Saturday morning shone beautifully today. As I tended my garden I contentedly listened to the indistinguishable rumbling of the loud speakers at the not-too-distant county fair. The sound was homey, prompting a communal feeling in me, making me feel at one with all others who keep touch with the land. My own venture into that lifestyle is too small-scale to warrant real participation at any fair, but still I felt a level of kinship with those who showed their produce competitively. I thought of gardens larger than mine that I've admired while driving the more rural stretches on the outskirts of our city, and this brought to mind a new topic to discuss: garden flowers.
Before I got seriously into gardening, I'd drive past those robust vegetable gardens and notice that they often had their fair share of flowers encircling them. I always assumed those blooms were just some tribute to the quainter side of the gardeners' souls, but I've since learned that this may not be the case. Flowers serve a much larger purpose than a fragile offering of beauty.
The first hint that they carry some significance comes from the fact that pretty much every vegetable plant has its own flowering stage. If a plant flowers, then it needs pollination, which means it needs more than the elements of soil and water and sun to thrive...wind can help, but pollination is best afforded by your garden's other creatures: the bugs and birds and butterflies.
This photo of a squash plant shows both the male (fruitless) blossom on a slender stem to the right and a female blossom (the beginnings of a zucchini showing beneath it) to the left. The female blossom will not lead to a healthy zucchini without pollination, so either you must hand pollinate, or you can do your part to attract nature's pollinators to your garden. That's where flowers come in handy. Fortunately, nature's economy is such that the flowers you plant, while attracting many "beneficials" (as these insects are called) do not end up competitive with your veggie plants...at least, that's never been the case for me. If you find your garden has great-looking plants but with almost no fruiting, you may have pollination issues...especially if you are gardening in a spot that has no added attractors. You can also buy these beneficial insects from gardening and landscaping centers, but so far, the more subtle approach of adding flowers has been sufficient for me.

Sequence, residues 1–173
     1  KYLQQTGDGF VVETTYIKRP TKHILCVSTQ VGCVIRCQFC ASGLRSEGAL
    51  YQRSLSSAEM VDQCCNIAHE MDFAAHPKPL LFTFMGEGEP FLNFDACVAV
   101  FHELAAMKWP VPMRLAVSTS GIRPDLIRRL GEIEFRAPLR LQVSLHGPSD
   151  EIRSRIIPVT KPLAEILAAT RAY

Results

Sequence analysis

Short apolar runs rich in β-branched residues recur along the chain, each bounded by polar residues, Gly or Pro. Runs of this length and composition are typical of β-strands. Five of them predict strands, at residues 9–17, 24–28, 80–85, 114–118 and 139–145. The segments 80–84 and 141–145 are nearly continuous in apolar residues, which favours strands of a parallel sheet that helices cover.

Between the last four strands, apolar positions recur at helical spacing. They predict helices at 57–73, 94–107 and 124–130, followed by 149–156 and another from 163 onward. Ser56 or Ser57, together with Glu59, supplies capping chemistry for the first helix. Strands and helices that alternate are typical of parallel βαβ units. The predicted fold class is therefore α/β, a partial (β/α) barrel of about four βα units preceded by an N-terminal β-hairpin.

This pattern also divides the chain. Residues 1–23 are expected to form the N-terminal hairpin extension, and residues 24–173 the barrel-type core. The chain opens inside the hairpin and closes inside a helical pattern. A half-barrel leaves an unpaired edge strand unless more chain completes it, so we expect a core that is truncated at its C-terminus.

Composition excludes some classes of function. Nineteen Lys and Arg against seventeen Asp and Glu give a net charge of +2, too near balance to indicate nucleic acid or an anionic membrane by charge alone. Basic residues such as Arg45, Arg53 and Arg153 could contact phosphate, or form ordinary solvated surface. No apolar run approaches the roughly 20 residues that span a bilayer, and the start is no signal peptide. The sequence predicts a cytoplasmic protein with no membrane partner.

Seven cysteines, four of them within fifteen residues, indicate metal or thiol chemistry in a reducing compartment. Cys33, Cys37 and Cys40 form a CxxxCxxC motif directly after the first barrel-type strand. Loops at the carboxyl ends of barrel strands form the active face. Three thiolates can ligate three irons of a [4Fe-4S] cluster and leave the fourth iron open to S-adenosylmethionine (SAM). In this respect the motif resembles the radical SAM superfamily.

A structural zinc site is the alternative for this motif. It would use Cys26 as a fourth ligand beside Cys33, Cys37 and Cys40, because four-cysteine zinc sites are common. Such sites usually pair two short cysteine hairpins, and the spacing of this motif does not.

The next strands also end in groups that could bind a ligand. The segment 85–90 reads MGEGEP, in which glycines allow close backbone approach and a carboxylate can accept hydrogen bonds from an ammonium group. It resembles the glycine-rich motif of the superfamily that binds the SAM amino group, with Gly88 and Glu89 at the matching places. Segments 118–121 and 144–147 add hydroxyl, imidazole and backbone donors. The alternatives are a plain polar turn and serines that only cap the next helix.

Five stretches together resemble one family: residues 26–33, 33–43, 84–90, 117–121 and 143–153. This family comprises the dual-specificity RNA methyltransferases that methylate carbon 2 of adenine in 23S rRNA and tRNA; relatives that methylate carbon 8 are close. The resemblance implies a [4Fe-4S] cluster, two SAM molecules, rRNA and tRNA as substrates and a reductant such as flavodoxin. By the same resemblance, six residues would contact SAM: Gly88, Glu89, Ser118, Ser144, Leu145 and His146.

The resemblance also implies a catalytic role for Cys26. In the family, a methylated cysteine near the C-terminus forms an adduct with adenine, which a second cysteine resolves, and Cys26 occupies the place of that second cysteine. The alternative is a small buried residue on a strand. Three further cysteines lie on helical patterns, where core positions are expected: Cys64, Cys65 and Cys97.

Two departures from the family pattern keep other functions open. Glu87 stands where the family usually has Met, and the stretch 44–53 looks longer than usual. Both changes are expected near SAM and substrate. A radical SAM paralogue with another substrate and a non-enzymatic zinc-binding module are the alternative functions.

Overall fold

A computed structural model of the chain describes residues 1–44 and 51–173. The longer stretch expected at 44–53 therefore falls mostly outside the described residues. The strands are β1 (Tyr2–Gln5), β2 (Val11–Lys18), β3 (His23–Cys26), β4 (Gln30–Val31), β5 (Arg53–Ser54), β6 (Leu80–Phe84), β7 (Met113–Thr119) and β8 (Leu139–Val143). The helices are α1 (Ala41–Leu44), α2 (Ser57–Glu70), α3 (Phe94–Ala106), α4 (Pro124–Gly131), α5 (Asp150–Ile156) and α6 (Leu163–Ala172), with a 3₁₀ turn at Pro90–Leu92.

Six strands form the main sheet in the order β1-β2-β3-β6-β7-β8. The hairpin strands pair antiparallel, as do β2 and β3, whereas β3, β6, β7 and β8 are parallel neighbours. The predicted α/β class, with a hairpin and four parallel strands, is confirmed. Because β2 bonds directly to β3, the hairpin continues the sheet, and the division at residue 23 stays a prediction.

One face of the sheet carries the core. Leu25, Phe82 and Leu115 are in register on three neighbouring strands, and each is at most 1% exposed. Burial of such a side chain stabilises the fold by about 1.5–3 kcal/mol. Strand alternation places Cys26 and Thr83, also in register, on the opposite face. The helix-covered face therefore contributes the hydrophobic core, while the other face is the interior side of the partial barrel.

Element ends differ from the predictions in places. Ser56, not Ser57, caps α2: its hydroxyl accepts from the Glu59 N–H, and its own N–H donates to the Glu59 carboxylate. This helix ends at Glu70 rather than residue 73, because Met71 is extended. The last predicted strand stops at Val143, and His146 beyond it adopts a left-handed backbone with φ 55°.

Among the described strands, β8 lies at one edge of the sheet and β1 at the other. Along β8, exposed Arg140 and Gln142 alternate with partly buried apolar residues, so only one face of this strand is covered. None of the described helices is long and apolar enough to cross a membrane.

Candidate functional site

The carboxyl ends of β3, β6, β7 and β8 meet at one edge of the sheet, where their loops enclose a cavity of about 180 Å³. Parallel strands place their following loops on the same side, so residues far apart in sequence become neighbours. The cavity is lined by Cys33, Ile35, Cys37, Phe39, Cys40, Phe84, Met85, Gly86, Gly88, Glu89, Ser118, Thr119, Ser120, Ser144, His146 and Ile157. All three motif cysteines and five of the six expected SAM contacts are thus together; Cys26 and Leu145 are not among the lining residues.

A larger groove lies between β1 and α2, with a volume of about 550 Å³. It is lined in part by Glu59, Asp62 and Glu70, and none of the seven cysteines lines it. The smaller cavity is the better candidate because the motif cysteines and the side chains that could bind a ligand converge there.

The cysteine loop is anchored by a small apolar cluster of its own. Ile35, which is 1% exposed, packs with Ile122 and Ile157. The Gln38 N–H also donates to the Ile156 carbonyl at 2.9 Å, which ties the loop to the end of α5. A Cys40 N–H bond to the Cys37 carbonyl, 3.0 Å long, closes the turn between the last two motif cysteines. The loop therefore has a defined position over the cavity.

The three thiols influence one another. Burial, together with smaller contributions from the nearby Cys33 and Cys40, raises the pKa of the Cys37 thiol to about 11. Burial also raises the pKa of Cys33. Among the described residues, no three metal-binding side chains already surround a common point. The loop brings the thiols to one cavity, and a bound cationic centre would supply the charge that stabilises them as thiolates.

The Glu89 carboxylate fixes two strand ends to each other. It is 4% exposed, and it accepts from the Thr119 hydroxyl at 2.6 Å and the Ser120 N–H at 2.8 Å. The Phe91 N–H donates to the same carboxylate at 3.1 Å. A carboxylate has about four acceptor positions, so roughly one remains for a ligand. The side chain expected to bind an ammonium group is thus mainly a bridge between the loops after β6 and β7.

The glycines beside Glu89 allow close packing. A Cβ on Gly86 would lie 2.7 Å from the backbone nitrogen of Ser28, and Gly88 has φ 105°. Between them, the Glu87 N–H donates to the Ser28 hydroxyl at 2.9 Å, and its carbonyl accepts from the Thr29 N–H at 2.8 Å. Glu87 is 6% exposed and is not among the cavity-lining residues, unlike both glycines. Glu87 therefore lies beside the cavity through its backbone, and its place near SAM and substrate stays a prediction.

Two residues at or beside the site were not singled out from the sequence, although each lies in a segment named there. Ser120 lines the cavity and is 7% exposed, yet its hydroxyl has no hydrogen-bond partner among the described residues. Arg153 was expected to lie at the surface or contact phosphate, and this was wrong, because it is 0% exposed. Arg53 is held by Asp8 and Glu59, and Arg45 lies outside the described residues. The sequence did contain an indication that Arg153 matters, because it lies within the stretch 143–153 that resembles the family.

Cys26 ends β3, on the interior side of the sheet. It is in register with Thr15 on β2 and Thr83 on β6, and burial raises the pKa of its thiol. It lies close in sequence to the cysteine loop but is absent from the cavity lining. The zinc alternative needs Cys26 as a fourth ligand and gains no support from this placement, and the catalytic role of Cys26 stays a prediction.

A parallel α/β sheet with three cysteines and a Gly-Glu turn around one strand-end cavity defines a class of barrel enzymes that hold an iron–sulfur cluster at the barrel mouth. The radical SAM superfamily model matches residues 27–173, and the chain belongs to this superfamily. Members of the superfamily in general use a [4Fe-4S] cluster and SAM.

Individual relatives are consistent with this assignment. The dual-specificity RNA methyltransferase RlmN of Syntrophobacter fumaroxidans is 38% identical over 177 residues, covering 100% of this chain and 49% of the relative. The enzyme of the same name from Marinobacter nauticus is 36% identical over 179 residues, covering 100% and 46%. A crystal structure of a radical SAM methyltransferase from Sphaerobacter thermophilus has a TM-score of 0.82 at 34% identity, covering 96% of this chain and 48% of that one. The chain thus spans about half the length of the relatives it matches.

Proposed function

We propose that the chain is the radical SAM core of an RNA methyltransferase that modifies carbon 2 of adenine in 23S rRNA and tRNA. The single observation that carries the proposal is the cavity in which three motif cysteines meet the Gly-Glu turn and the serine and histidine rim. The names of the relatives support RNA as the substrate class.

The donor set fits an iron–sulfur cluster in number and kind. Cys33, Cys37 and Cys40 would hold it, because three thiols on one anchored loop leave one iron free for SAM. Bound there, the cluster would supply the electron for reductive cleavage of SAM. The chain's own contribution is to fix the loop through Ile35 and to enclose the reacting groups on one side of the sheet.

This year, we tried something new. While shopping for seedlings, we came across a roll of stiff, green fabric that looked sort of like fuzzy felt. It was classified as a "butterfly garden carpet" and professed to be a beautiful mix of flowers specifically designed to attract butterflies--also great pollinators! At first blush, the stuff didn't look too promising. This was really my husband's project, so he killed back the grass and weeds and spread a fresh load of garden soil, tacked down an unobtrusive edging and laid the seeded fabric. Daily watering ensued.
I bought a few day lilies to toss in the back for good measure, but weeks went by and the little carpet decomposed away to nearly nothing. We thought the project a bust, so I sprinkled in a few extra seeds--some chamomile and Japanese poppies. Still we watered and waited and hoped. Finally, when the weather warmed up a little more, into summer temperatures as opposed to late spring, the little butterfly garden came alive! Now it's humming with little bees and butterflies.
In fact, the garden has proven such a success that I'm now cutting bouquets to bring indoors. And this is only the beginning of the gift flowers give to your garden--like the voice of the caller at the fair as it floated in the background--an indistinct enhancement. In the next gardening post, we'll look at more specific benefits from more specific flowers. Until then, breathe deeply! You'll enjoy the aroma.